Results for My Beautiful Dark Twisted Fantasy

My Beautiful Dark Twisted Fantasy (Deluxe Edition)My Beautiful Dark Twisted Fantasy available on iTunes

Kanye West My Beautiful Dark Twisted Fantasy

Kanye West knows how to get into the headlines. He's bumped heads with everyone from Matt Lauer to Taylor Swift to President Bush. But, it's important not to forget: he also knows how to make music. Jim says, OK he's a jerk…John Lennon could also have been a jerk. But what Kanye West achieves on My Beautiful Dark Twisted Fantasy is nothing short of amazing. He combines Iron Maiden with King Crimson; robotic humming and what Greg calls "classical opulence." Greg compares West to ambitious artists like Brian Wilson and Marvin Gaye, but notes that what separates him is his inability to censor himself. That gives his music both bravado and vulnerability. Both Jim and Greg give My Beautiful Dark Twisted Fantasy an enthusiastic double Buy It.

Go to episode 260
YeezusYeezus available on iTunes

Kanye West Yeezus

For the past decade, Kanye West has been the dominant force in hip-hop - maybe even all of pop, Jim says. And this week he came out with album no. six, Yeezus. West's last solo record, 2010's My Beautiful Dark Twisted Fantasy, featured rich, radio-friendly production. On Yeezus, West has scaled back the lushness, if not the egomania. Greg says he hears everything from Chicago drill music to industrial influences on this“brutally minimalist”record. Forget the radio audience - Yeezus is about Kanye and his anger. Thematically, that means lots of songs about freedom and control, Greg says, and West's perception that, for all his sucgicess, he is still being denied a place at the“big boy table”where his fellow business and media moguls sit. Potent stuff, but West's downfall, both Jim and Greg agree, is the sloppily racist and misogynistic lyrics he relies. On the basis of the music alone, Jim says, Yeezus is a Buy it, but the lyrics are trash. Yeezus gets a double Try It.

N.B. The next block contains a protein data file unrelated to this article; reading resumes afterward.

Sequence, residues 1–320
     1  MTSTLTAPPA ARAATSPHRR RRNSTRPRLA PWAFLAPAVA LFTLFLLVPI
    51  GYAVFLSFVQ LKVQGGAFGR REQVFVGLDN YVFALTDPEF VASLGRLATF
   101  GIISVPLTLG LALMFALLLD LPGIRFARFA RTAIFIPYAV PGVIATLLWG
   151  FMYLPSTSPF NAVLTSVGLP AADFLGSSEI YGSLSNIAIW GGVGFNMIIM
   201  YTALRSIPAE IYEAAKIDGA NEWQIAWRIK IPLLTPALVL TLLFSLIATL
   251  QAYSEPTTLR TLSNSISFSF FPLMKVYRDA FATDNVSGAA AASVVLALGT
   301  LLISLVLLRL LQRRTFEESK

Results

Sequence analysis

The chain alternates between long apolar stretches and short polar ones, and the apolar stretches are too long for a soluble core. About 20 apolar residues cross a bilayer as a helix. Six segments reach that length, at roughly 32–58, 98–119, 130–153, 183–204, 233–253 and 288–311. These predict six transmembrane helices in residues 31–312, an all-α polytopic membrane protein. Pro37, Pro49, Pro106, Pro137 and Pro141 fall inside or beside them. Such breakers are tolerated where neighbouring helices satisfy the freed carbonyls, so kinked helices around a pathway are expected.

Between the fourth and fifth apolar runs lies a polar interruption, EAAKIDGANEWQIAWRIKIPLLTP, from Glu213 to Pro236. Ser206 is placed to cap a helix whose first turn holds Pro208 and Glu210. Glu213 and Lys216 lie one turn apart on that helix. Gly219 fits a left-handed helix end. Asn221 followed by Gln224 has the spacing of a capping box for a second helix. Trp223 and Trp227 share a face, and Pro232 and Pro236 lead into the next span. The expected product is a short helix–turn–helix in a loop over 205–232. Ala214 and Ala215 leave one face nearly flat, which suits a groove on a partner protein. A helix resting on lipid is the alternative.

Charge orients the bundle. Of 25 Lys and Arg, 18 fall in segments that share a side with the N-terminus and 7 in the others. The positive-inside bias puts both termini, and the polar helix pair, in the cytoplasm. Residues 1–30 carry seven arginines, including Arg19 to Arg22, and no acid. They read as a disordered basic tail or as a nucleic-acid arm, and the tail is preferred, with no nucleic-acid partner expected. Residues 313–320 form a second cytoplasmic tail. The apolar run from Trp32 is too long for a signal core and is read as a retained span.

Go to episode 395

Kanye West Jesus Is King

Kanye West is back with the highly anticipated album, Jesus Is King. According to Greg, lately Kanye has been making more headlines for his proclamations than his music. This album has been the subject of scrutiny, however, because it marks a stylistic turn. A gospel and hip hop hybrid, Greg notes that Kanye is "very earnest in his use of the gospel signifiers on this record, the gospel choirs, the churchy keyboard chords." Even contemporary gospel legend Fred Hammond features on the track "Hands On." Jim agrees that the gospel production and even messaging in this album seems to be coming from an authentic place. They both are quick to acknowledge that Kanye has a long history of folding gospel sensibilities into his music (particularly on tracks like "Jesus Walks" and "Ultralight Beam.") Though both Jim and Greg acknowledge that“only Kanye”could come up with the idea to merge The Clipse and Kenny G on the same track "(Use This Gospel)," Greg laments that the album seems unfinished and asks "where is the work of art like My Beautiful Dark Twisted Fantasy?" Jim suggests that Kanye, like John Lennon in his early Plastic Ono Band period, "not thinking about Beatles perfection… letting it blurt." Ultimately, Jim thinks that this album is the best Kanye has given us in some time, while Greg thinks that though Kanye is on the“Road To Damascus,”(an allusion to the prophet Paul's religious conversion on the Road To Damascus) "… he hasn't gotten there yet."

Go to episode 727

The Best Albums of 2010

It's the moment all music fans wait for…the end of the year best-of list!

Go to episode 263